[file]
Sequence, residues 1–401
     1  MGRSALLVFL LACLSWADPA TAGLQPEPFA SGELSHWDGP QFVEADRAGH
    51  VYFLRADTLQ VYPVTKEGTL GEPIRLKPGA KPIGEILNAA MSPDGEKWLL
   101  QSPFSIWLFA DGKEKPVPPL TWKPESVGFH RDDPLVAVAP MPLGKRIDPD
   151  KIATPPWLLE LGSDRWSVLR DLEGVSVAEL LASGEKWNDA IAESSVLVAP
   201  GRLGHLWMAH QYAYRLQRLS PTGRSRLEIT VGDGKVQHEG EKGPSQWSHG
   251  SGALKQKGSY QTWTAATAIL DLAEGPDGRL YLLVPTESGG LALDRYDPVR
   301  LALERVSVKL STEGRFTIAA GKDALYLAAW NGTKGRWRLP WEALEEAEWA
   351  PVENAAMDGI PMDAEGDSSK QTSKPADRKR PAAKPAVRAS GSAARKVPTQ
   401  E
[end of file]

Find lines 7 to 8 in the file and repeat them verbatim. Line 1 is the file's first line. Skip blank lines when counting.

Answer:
   251  SGALKQKGSY QTWTAATAIL DLAEGPDGRL YLLVPTESGG LALDRYDPVR
   301  LALERVSVKL STEGRFTIAA GKDALYLAAW NGTKGRWRLP WEALEEAEWA